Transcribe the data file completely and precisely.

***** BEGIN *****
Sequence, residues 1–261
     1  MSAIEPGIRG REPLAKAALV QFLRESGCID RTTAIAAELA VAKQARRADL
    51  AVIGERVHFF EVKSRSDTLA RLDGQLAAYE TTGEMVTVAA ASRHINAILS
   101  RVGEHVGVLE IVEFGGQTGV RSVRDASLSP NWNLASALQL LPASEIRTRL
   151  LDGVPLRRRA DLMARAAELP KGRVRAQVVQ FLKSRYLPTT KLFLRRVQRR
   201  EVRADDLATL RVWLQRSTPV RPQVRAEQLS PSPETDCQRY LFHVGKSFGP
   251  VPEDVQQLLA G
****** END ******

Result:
Sequence, residues 1–261
     1  MSAIEPGIRG REPLAKAALV QFLRESGCID RTTAIAAELA VAKQARRADL
    51  AVIGERVHFF EVKSRSDTLA RLDGQLAAYE TTGEMVTVAA ASRHINAILS
   101  RVGEHVGVLE IVEFGGQTGV RSVRDASLSP NWNLASALQL LPASEIRTRL
   151  LDGVPLRRRA DLMARAAELP KGRVRAQVVQ FLKSRYLPTT KLFLRRVQRR
   201  EVRADDLATL RVWLQRSTPV RPQVRAEQLS PSPETDCQRY LFHVGKSFGP
   251  VPEDVQQLLA G